It’s been 10 years, 4 surgeries, hundreds, if not thousands of therapy and doctors appointments, as well as dozens of unique challenges that turned our life in a different direction when Carter was born.
Our first born, we were excited and clueless as hell, but that’s most new parents… really. When someone asks about what Williams Syndrome is, first, I should say, this is rare. It feels like most of the people I talk to feel like they should somehow already know at this point. He’s 10 now, after-all. But really, if it’s not a part of your daily life, I don’t expect you to know or understand. So, I’m happy to tell the story. It brings awareness and helps him carryout his mission: To bring joy to the world.
Over this series, I plan to share about:
- The story of when we learned our son has Williams Syndrome (WS)
- How having a child with WS is different from having a child who does not
- How to support someone you know with a special needs child
- Stories to better understand extraordinary gifts and unique challenges of Williams Syndrome
- Tips, tricks and items that made challenges easier along the way
Let me tell our story.
When our oldest son, Carter, was born the doctors said some scary things. Any attempt to gently warn us that something might be wrong fell on deaf ears with me. I actually remember blocking it out. I was sitting in the hospital bed, just hours post-op from an emergency cesarean. I literally couldn’t feel my knees and it was like a movie when music starts playing and you can hear the doctors talking, but you can’t understand what they’re saying. It was exactly that. I caught enough to understand this…
“We aren’t sure what’s wrong with your son…”
Now me, being the positive thinker I am, it pissed this new momma off. Why the hell would they come in here with this fake negativity and tell me there’s something wrong with my baby when there clearly is not?
Paul helped me fill in the blanks.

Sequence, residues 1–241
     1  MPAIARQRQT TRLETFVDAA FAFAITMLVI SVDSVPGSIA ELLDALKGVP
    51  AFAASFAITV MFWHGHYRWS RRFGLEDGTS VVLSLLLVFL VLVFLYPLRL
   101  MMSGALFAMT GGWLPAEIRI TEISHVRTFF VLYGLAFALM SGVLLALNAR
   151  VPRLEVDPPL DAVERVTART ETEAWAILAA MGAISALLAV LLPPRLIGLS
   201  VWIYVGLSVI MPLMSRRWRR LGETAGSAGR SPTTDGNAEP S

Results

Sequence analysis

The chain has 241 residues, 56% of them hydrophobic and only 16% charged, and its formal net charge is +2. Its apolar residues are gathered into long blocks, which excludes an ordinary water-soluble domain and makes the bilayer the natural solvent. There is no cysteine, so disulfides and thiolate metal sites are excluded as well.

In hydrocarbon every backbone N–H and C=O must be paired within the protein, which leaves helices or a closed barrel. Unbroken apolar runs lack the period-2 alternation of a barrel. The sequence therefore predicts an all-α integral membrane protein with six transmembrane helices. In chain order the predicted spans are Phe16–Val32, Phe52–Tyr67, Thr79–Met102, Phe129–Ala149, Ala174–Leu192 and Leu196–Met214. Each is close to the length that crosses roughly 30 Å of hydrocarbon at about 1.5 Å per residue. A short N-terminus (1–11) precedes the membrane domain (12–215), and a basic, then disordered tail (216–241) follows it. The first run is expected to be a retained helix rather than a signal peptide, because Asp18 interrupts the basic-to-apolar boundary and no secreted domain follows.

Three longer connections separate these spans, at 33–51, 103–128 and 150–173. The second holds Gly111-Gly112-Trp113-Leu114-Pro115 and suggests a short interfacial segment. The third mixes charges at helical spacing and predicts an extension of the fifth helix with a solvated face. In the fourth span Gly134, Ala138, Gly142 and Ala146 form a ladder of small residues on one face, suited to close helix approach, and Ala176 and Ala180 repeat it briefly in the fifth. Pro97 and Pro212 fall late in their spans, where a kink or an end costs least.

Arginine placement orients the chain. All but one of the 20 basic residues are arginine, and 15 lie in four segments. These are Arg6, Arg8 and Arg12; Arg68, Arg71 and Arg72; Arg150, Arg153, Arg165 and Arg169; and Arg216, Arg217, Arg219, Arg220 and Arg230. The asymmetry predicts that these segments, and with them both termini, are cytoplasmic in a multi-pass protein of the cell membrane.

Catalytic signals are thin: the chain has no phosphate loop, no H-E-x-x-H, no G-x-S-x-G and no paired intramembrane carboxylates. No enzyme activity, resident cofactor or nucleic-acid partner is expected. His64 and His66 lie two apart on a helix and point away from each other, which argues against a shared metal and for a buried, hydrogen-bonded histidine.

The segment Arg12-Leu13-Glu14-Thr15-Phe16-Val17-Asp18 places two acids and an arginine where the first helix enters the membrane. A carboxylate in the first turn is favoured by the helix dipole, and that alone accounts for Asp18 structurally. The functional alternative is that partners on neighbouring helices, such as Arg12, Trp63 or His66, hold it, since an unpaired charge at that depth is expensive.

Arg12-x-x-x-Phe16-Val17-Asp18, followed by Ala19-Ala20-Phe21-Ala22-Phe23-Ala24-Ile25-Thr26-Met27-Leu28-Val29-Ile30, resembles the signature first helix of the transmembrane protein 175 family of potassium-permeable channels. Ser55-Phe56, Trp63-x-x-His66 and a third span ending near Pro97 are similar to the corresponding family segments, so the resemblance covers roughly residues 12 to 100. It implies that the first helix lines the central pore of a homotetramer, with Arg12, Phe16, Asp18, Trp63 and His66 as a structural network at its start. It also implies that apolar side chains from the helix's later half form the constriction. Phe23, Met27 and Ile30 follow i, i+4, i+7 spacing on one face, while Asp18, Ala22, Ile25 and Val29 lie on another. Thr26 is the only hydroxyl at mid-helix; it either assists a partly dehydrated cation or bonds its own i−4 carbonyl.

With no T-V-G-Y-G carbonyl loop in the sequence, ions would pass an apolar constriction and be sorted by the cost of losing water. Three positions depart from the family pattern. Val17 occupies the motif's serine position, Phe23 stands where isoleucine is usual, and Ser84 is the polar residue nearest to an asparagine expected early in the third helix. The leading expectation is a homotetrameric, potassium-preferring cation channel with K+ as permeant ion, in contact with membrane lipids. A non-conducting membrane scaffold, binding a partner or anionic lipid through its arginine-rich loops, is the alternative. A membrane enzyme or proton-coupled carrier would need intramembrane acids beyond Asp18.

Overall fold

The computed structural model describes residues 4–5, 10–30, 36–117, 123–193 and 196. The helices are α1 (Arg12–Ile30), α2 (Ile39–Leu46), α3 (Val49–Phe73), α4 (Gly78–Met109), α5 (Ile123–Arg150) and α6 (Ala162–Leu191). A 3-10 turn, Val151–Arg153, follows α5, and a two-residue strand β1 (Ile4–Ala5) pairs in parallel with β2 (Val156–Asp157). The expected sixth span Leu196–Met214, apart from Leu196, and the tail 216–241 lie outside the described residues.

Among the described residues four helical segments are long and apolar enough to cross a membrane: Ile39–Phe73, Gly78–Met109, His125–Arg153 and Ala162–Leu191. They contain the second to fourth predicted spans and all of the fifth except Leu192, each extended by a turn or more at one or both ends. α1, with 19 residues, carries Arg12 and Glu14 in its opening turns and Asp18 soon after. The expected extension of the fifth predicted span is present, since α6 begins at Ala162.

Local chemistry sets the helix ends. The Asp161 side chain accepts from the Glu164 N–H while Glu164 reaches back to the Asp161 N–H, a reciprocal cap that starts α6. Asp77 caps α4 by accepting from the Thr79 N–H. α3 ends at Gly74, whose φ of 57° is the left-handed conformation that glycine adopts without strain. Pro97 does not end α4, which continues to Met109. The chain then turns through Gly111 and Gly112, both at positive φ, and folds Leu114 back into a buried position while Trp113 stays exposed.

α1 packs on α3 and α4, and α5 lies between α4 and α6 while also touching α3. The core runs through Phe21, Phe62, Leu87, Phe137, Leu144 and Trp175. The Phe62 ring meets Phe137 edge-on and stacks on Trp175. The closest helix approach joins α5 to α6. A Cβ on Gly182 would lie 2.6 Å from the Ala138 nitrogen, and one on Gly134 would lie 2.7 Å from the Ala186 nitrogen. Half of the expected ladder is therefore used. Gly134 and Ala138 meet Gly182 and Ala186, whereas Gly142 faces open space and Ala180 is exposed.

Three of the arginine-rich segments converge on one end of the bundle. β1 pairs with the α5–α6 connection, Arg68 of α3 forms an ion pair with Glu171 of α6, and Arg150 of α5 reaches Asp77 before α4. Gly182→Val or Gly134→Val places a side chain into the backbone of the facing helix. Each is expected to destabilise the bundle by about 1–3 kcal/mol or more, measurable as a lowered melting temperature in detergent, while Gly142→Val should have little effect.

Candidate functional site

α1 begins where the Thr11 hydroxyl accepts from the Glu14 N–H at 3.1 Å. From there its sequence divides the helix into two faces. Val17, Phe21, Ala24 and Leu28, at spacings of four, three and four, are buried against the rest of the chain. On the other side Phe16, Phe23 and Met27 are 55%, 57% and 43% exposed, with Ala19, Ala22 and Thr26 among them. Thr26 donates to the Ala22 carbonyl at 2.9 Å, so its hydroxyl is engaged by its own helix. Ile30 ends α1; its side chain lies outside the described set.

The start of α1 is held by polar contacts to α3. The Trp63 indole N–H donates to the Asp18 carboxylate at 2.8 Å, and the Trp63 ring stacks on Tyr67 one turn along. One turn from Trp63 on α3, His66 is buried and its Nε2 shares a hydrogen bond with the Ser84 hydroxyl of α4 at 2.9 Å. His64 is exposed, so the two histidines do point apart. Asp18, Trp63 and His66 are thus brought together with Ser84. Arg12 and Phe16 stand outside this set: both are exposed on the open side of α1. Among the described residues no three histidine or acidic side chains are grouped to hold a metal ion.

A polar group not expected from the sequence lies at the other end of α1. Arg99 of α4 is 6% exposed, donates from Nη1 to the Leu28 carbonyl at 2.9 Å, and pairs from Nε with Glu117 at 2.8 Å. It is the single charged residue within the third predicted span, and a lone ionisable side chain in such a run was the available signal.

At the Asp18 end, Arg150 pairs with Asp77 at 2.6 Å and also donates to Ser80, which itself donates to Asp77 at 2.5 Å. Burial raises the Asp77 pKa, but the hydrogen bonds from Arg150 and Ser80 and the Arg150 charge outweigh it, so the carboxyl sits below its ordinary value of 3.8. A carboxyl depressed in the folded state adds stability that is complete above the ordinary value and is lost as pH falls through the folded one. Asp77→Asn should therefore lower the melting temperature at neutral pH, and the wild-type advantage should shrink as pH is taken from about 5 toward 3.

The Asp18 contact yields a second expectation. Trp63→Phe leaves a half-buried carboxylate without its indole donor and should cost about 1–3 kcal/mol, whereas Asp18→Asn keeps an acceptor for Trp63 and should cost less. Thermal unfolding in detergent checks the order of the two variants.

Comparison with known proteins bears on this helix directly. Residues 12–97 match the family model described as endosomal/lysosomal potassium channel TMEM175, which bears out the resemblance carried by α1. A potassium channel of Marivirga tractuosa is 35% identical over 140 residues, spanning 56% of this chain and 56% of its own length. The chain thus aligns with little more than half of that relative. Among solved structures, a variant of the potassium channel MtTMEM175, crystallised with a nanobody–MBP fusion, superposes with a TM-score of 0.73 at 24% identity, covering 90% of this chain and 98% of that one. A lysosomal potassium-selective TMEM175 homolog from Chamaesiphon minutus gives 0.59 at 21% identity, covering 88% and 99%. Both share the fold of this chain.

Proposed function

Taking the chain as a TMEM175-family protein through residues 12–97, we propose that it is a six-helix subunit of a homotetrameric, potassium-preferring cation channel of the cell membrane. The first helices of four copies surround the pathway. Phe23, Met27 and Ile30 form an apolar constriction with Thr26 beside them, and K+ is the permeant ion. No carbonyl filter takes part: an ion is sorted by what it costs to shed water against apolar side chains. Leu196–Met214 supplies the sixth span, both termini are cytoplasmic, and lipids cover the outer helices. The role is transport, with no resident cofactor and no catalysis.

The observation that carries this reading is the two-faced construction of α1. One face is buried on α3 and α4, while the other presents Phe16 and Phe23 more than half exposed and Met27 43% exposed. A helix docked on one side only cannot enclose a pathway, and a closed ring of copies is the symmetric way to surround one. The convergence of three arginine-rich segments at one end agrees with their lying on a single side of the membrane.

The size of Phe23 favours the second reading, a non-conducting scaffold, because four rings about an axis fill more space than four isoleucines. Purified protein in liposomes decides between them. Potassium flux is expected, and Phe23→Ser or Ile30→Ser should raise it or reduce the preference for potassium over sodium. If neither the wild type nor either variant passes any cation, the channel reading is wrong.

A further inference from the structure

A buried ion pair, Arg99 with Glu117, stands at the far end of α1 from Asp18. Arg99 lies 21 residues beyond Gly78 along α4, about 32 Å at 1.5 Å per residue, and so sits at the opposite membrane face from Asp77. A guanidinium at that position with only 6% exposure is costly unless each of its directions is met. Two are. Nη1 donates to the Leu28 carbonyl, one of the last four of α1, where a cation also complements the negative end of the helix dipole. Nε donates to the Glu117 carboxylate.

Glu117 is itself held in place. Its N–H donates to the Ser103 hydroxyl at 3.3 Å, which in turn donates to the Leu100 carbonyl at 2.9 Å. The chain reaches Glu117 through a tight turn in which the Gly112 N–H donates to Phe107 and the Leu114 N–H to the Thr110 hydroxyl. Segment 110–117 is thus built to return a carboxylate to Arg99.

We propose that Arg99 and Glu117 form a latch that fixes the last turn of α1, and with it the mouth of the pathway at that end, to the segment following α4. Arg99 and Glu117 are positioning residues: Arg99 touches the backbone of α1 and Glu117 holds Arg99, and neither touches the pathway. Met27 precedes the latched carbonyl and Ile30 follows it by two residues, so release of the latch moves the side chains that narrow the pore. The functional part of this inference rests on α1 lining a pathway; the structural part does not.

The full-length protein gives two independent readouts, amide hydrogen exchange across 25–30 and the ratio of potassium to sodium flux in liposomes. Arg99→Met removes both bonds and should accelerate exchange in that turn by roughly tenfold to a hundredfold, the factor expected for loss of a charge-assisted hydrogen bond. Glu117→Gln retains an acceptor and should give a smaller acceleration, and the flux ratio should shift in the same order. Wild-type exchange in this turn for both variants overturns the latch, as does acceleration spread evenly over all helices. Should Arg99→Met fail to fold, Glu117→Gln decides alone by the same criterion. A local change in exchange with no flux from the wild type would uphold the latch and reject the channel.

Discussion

“We aren’t sure what’s wrong with your son, but… we think he may have something wrong with him. He has several abnormalities (4-5 of them). Now 1-2 can be normal and explained through family traits, but typically not 4-5 of them.
Some of the things they noticed were:
- a low hair line;
- shorter forearms;
- shorter thighs;
- a bridge in his inner eye; and
- a long space between his nose and his lips
I wouldn’t have noticed any of the above characteristics without literally measuring him the way they do in hospitals, so at the time, it made no sense to me.
So to say that I didn’t accept this news well, was an understatement. Absolutely no class, let me tell you. I gave them best RBF and brushed them off. I cried and used my optimistic attitude to pretend like they have no idea what the hell they are talking about. Even though they are doctors… Yes, I realize how ridiculous that sounds.
We got home and our little man really struggled to eat. At first I thought, well nursing is hard so of course we are having troubles. Eventually, we tried a bottle. When that too was a struggle and we could tell that Carter was in pain, we brought him to the doctor. It was determined that he needed some acid reflux medication, but while listening to his heart, his pediatrician also heard a slight heart murmur.